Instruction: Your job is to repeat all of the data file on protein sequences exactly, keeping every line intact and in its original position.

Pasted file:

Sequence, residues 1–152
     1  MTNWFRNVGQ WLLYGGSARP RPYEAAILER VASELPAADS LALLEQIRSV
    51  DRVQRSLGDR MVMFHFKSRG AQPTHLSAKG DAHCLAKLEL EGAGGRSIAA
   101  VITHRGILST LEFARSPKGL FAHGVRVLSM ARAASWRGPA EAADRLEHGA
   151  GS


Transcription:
Sequence, residues 1–152
     1  MTNWFRNVGQ WLLYGGSARP RPYEAAILER VASELPAADS LALLEQIRSV
    51  DRVQRSLGDR MVMFHFKSRG AQPTHLSAKG DAHCLAKLEL EGAGGRSIAA
   101  VITHRGILST LEFARSPKGL FAHGVRVLSM ARAASWRGPA EAADRLEHGA
   151  GS